6) On that note, please do not write your whole profile bashing all the men/women you've encountered so far. Talking about catfishing and whatnot or making threats like "You have to do ____" in order for me to even talk to you. Don't litter it with endless "don't be _____" and "don't bother messaging me if _____" and "no games" and negative/defensive garbage like that. That just makes you sound bitter and as if you've been on these sites for a million years and you're all weary about it. It also can make you sound impossible to please and little fun to be around. I would always suggest you make effort to sound like you're actually excited to meet new people. That's why you're on the sites in the first place, so be open to it actually happening instead of constantly poised to defend against imposters or expecting to be lied to or manipulated. For the record, I went out with a fairly large number of men over the years, and every single person was who they said they were. Most of them looked like their photos. It's not as common as you might think to be fake out by people in real life. 


7) If someone messages you and they aren't someone you want to talk to, just don't respond. That's totally acceptable. You don't have to explain why you aren't interested. If they start bothering you, block them or report them if necessary. Don't feel badly for not responding. Online dating shouldn't feel like a part-time job or a whole slew of new obligations. You don't owe anyone anything except to be respectful and honest when you do interact with them. 


8) Women, do not be afraid to message men first. Most men are not intimidated by women who make the first move; if they are, you may not be interested in them anyway! I found that if I reached out first, men were pleasantly surprised that I'd taken that step. The logic is simple: men like to feel desired, too. And some men are shy just like some women are shy. Whoever sees the profile of a person they are interested in first should just write to them or "swipe right" or whatever. Don't assume that if someone looks at your profile but doesn't reach out they aren't interested, also. Furthermore, if you are a woman who wants an egalitarian relationship without too much adherence to traditional gender roles (as I am), why would you wait for the man to reach out first if you're interested? 


9) I would always advise that you not message/text/email for too long before actually meeting in person. A few days or a week maybe tops. Because what happens if you do just message for a long time is that you potentially create a false sense of intimacy. You may start feeling like you really know this person and really like them...but then when you meet in person if you don't vibe with them, it feels really disappointing and confusing. If you have to wait a long time for some reason before linking up in real life, make sure you talk on the phone a few times to try and mitigate that false intimacy. And always be prepared for the person in real life to not quite be what you'd imagined, whether for better or worse. Don't get too attached to the idea of a person before you actually meet them.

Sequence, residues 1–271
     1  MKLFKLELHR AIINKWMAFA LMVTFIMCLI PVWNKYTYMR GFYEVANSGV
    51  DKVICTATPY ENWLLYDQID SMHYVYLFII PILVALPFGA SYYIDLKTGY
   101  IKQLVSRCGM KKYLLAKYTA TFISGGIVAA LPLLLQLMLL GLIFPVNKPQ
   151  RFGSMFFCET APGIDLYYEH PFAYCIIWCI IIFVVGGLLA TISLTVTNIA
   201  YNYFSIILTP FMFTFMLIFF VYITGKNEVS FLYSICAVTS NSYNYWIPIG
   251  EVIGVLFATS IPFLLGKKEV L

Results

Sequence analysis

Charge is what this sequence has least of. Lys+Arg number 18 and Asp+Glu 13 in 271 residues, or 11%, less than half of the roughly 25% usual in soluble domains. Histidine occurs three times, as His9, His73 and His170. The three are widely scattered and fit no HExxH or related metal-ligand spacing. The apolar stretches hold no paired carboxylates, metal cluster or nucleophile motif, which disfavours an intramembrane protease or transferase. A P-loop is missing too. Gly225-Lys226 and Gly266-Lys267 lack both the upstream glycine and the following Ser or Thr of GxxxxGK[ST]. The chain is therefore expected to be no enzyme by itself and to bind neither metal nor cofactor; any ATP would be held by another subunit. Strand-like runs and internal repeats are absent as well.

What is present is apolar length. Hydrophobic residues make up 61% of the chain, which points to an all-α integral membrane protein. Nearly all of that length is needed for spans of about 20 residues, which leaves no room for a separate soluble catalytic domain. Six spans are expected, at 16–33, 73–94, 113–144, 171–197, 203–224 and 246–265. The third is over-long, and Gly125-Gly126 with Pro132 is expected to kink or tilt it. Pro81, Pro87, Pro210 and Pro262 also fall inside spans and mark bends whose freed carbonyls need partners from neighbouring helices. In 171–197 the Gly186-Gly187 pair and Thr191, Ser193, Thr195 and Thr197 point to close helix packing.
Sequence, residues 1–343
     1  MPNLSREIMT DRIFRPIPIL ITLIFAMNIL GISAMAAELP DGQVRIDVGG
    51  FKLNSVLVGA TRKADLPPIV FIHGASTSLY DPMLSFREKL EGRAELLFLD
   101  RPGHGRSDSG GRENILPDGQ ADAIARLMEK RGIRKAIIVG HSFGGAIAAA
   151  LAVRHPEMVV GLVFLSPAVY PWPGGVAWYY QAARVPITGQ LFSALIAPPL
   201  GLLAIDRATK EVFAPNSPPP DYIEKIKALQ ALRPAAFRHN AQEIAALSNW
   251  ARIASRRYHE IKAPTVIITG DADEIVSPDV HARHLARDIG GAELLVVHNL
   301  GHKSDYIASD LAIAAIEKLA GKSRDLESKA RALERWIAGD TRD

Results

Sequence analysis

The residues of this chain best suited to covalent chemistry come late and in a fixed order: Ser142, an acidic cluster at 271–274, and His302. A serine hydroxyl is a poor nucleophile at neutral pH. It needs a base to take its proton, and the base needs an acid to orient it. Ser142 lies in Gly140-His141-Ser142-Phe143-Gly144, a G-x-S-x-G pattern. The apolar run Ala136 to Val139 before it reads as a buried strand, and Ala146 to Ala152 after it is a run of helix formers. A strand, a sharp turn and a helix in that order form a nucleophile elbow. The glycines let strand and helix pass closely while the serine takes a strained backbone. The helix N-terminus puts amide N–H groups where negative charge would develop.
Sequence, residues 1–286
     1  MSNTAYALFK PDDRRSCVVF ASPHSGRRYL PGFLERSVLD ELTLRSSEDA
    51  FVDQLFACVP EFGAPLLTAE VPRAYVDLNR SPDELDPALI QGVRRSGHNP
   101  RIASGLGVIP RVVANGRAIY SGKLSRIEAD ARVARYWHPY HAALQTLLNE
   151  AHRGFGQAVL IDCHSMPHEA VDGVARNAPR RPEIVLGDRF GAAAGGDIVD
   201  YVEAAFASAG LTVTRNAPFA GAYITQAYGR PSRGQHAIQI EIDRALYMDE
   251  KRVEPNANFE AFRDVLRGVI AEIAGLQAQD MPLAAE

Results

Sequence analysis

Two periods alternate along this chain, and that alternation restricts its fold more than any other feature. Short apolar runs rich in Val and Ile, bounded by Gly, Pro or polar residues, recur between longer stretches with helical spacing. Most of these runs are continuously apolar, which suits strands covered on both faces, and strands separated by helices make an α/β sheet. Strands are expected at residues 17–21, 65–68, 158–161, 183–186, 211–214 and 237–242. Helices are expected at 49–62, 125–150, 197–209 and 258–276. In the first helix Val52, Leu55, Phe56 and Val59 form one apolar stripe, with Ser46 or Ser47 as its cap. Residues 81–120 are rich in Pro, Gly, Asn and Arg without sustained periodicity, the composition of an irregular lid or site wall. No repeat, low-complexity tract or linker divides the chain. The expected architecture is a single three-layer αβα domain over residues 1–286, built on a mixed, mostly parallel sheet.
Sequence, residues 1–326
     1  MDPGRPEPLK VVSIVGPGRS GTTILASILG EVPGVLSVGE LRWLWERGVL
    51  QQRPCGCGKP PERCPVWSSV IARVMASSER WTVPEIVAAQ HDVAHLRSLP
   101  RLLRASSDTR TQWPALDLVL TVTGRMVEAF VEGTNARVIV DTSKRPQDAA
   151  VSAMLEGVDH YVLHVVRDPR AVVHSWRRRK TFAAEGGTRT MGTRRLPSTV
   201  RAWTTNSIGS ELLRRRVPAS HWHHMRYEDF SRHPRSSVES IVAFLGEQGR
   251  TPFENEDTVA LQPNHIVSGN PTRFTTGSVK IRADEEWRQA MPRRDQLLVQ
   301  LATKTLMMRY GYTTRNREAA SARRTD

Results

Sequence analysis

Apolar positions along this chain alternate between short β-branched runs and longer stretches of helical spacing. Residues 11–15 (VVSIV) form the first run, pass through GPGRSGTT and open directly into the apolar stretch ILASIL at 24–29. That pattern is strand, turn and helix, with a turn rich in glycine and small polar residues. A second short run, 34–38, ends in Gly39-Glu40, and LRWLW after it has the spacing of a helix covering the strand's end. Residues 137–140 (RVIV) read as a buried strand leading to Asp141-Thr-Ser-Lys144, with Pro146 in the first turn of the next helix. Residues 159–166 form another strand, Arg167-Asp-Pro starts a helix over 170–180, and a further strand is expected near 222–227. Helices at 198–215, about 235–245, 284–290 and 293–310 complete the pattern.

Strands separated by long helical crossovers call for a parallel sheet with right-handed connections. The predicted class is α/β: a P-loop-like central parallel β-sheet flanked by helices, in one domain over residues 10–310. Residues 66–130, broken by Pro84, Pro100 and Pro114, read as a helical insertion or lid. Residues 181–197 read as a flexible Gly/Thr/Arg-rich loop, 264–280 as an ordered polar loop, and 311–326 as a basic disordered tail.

10) On the first date, I would advise you to always assume you're going to go dutch. Some men are always going to insist on paying, and that's fine and appreciated. I'm not going to argue too hard when a man insists on paying for my drinks or whatever, and I do think it is a good look, to be honest. But ladies: you have to at least OFFER to pay for your own stuff- and be prepared to- and be totally fine with it if he agrees to split the check. I'd say 2/3 of the time on a first date the man paid, and the other 1/3 we split it. I'm not saying women should pick up the tab on the first date; I'm just saying it's not fair to always expect that men will pay. This isn't the dark ages. We've got to be able to pay our own way. Similarly, if he picks up the tab the first time you go out, if you're able to, next time offer to pay (and mean it). It's a good reciprocal gesture. He may not let you, but I think you should at least offer, and be gracious either way. 

11) That said, if you actually ARE that concerned about gender roles, make sure you say that up front. "I am a more 'traditional' kind of woman who expects men to be chivalrous in certain ways" or "As a man, I always pay because I think a woman should be treated a certain kind of way". That's cool if you're into that; just make sure you don't present yourself as anything else or you're just setting both of you up for disappointment. 


12) This should go without saying, but make sure the first time you meet up that it is in a public place where you both (but especially the woman) feel safe/comfortable. Women, do NOT give a man your address on the first date. Do NOT have him pick you up, no matter how "traditional" or "chivalrous" you or he is. Women, do NOT go to his house for the first meeting. Men, if she does offer to come over or have you to her house on the first date, this is a potential red flag in terms of her boundaries and worldly wisdom or sense of self-preservation. Women, I also advise (because I'm very mindful of safety and because frankly this whole "meeting strangers" thing can be scary) that you always give a trusted friend the man's full name and the name of the location where you're meeting him, and tell her that you'll text or call her when you get home safely. ***(All this being said, if the whole purpose of getting together is for sex and you're both clear on that, then you may have to violate these general safety rules unless you can meet at a hotel or someplace neutral, which would be ideal). 


13) After a first date, if you liked the person and would like to see them again, you should always send them a quick text afterwards stating as much. Just saying "I had a good time with you tonight" or "Can I see you again sometime soon?" is nice. It eliminates that whole waiting period of "does s/he like me? should I follow up? should I ask him/her out again?" Similarly, if you didn't like the person or would definitely not like to see them again, don't follow up. If they do, a quick "Thank you, but I don't think we're a good fit. Best of luck!" is a kind response,  vs. just ghosting them. In my opinion, it is always rude to not respond to someone you have met in real life who is being kind to you. But once you've said that, you don't owe them any further correspondence. And that is reason 2945 why you never give a stranger your home address. 


There's way more, but I've run out of steam for the day. I'll leave it at this and add to it later. Hope it helps! Happy dating! :)